When it comes to machine learning, the technology most self-driving systems are based on, there’s no shortcut or alternative to real-life experience. That’s why companies like Nvidia and Google are already out on real roads gathering data and testing their driverless systems. If Apple wants to compete with them and stay ahead of the curve, it’ll need to do the same – and soon.

Project Titan snags Tesla star

Apple has been busy employing for Project Titan but its latest hire could be the most significant. A report from Electrek suggests Apple has hired Chris Porritt, former vice president of vehicle engineering for Tesla and former chief engineer for Aston Martin. The report, carried out in conjunction with 9to5Mac, states that Porritt will be working on “special projects”, but Apple isn’t fooling anyone.

When Porritt joins, he’ll be the most senior member of the Apple Car team, so he could well be leading the project – and his CV implies he should. In the 1990s, Porritt worked for Aston Martin as a principal engineer in vehicle dynamics, and he was then chief engineer until 2013. After that, he made the jump to America to work for Tesla.

Once again, the move shows Apple isn’t taking the car industry lightly. Only yesterday we discovered it’s set up an office in Germany – the heart of the automotive industry – and this move shows that Apple is keen to AirDrop in expertise.

Of course, one person who’ll be looking at the move is Elon Musk. Last year Musk called Apple’s Project Titan a “Tesla Graveyard”, so it’ll be interesting to see what he makes of the latest hire.

Apple Car gets a branch in Berlin

According to a report by Frankfurter Allgemeine Zeitung, Apple has set up shop in the heart of Berlin, and has already hired between 15 and 20 employees to work at its latest branch of Project Titan. The report goes on to say that most of those employees were “progressive thinkers” who were stifled at their previous jobs – exactly the sort of thinkers the Apple Car might need.

What I find interesting is the project’s location – if it’s true of course. Germany is still the heart of the automotive industry, so the fact Apple is going there as well as Silicon Valley shows it understands the difficulties of taking on the car market, and that any experience and expertise it can get will help.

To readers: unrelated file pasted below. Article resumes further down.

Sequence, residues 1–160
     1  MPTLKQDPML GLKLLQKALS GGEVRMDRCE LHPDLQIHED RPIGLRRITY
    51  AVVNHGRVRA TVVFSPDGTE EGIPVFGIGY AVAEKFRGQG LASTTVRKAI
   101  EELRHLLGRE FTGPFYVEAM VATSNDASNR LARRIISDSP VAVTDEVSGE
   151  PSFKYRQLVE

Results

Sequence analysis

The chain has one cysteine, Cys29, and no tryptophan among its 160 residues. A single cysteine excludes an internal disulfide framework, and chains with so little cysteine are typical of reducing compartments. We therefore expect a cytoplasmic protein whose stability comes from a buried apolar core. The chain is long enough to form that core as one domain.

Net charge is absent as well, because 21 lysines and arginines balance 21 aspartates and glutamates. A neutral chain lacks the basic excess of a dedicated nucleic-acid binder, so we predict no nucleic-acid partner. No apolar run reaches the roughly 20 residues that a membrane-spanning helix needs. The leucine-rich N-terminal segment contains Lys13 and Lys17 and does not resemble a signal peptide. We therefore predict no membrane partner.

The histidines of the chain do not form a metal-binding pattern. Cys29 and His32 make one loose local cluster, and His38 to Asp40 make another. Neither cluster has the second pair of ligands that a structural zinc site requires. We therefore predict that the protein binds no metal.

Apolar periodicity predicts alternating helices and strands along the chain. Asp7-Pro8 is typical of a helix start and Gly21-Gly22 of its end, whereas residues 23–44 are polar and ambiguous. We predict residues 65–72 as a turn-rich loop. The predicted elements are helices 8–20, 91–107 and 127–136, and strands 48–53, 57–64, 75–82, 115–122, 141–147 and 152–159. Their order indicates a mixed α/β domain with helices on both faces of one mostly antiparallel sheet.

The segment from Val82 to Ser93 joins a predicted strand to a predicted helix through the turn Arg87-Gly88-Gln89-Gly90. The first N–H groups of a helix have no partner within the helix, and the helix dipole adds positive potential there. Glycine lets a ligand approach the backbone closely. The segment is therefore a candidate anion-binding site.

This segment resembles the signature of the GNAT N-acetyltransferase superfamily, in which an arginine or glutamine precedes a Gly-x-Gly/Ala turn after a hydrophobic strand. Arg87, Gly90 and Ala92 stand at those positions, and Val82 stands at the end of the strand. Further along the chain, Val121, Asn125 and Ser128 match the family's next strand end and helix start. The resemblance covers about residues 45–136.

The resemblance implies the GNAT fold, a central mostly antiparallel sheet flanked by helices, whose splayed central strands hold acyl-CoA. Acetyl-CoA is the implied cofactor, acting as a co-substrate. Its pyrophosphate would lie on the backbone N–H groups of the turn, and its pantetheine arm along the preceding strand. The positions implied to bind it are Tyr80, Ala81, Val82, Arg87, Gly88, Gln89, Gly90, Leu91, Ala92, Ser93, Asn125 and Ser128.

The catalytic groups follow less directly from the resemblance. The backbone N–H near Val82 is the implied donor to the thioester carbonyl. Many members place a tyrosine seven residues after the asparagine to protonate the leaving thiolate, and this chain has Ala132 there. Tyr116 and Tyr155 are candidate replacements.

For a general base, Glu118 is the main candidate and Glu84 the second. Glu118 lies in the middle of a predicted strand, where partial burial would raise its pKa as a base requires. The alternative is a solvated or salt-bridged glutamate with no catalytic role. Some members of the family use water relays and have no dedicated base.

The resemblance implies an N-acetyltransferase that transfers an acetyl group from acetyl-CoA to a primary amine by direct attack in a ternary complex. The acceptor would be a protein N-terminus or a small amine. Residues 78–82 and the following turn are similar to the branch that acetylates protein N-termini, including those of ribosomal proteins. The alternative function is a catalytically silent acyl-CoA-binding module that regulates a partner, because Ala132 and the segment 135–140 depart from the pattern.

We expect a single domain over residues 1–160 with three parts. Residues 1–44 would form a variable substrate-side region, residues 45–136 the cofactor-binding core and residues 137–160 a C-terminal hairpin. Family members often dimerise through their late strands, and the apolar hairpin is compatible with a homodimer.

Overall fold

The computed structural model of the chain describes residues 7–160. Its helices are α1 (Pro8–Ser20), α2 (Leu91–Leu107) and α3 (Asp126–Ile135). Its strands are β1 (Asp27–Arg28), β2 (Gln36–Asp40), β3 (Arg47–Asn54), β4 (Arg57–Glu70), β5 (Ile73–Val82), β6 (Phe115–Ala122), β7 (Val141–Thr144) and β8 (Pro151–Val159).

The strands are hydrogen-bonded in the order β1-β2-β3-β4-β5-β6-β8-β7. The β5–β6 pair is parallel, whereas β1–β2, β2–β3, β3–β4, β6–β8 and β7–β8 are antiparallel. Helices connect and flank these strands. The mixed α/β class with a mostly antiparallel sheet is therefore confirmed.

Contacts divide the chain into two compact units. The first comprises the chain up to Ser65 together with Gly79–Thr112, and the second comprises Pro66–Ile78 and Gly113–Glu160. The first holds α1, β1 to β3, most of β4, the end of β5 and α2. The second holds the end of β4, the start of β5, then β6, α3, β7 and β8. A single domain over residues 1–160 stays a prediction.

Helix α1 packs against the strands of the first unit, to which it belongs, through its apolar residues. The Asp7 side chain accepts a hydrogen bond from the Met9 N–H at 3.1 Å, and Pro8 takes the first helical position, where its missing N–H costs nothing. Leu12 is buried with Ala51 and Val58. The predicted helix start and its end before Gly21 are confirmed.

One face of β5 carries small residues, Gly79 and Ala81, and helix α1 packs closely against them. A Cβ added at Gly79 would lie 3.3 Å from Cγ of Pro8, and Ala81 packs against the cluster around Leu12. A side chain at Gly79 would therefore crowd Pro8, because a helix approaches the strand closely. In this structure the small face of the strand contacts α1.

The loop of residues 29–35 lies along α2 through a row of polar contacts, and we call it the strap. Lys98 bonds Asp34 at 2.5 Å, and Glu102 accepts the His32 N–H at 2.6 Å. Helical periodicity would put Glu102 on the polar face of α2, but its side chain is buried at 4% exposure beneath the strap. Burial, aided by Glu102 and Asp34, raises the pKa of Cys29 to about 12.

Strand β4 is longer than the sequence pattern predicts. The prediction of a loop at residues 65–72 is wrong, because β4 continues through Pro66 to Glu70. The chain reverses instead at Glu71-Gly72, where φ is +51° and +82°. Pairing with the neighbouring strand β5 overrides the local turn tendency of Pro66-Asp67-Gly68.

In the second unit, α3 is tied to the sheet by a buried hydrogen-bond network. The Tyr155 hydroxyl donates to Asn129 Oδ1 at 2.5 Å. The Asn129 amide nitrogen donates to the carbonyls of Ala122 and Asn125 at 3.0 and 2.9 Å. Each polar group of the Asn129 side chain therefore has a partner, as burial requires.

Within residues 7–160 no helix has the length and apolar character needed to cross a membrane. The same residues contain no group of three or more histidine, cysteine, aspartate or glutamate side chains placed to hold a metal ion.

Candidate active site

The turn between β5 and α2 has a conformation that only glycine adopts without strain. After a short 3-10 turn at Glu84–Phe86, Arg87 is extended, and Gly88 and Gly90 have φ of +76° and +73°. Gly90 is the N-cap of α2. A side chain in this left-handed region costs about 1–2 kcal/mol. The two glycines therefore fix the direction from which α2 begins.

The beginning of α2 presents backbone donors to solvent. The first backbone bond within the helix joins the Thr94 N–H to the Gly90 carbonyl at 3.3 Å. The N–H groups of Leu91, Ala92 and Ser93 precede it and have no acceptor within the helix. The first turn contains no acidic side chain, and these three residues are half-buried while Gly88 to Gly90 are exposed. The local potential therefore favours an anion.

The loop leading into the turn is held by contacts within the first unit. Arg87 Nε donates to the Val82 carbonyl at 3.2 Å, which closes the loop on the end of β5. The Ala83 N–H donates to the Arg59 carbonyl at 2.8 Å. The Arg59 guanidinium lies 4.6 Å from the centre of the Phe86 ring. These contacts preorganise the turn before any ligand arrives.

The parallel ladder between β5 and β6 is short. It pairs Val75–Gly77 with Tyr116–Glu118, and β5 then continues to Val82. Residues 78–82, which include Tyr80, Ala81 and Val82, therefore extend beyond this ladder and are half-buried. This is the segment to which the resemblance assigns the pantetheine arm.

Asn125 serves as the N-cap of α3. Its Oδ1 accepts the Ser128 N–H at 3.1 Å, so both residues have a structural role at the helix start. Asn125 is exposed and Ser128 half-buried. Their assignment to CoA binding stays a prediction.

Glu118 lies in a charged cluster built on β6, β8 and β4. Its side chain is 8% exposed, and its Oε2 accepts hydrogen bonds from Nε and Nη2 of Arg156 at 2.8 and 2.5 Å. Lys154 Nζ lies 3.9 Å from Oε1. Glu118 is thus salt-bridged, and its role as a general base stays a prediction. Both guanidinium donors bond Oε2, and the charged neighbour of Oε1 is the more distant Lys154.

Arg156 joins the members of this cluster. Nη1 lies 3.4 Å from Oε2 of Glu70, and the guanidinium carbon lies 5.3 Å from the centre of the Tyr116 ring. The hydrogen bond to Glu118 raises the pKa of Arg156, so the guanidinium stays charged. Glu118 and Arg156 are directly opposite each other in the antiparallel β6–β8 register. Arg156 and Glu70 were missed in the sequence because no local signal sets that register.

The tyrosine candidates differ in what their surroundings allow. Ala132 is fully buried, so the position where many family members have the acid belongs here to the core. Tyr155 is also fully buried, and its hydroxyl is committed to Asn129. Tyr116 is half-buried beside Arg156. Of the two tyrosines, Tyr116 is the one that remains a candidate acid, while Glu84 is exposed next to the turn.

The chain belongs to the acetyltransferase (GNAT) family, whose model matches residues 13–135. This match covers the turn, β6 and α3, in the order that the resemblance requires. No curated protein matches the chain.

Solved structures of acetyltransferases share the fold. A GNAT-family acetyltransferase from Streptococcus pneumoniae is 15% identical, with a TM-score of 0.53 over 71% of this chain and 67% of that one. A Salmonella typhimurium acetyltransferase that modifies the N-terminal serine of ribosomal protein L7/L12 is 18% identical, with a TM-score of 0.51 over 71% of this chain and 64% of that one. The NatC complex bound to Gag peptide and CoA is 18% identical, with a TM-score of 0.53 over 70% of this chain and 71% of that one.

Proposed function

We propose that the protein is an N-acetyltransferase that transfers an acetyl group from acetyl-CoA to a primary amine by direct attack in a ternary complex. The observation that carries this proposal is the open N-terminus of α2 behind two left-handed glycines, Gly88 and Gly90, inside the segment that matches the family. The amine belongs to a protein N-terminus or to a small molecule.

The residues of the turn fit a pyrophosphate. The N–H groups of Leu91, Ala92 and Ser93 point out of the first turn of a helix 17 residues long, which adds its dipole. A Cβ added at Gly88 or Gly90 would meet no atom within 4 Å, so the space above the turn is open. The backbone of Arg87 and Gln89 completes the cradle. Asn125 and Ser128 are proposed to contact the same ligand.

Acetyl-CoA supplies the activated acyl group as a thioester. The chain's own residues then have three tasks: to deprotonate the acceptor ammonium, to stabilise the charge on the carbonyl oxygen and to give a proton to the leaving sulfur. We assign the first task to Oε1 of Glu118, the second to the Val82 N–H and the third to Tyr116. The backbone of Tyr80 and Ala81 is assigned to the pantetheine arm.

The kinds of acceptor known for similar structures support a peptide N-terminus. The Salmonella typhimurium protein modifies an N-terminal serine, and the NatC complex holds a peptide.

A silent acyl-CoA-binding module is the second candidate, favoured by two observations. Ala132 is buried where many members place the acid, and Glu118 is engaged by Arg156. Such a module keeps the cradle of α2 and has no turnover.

Tim Cook confirms Apple is looking at the car market

In a February interview with Fortune, Apple CEO Tim Cook refused to deny or confirm the existence of the Apple Car, but did *sort of* confirm the existence of Project Titan. After skirting around the issue for most of the interview, Fortune understandably asked Cook about Apple’s hiring of automotive engineers, and he had the following to say:

“The great thing about being here is we’re curious people. We explore technologies, and we explore products. And we’re always thinking about ways that Apple can make great products that people love, that help them in some way. And we don’t go into very many categories, as you know. We edit very much. We talk about a lot of things and do fewer. We debate many things and do a lot fewer.” While Tim Cook acknowledges the hiring of several key people, he claims Project Titan is just an investigation at this stage.

“Part of exploring technologies and picking the right one is becoming so familiar with it, you can see ways that it can be used. And for us, we’ve never been about being first. We’ve been about being best. So we explore many different things, many different technologies. And at first we might not know what product it might wind up in,” says Cook.

“And then later we’ll see that really cool technology enables maybe things that we’re doing today to take on something bigger, maybe something new. But once we start spending gobs of money – like when we start spending on tooling and things like that – we’re committed.”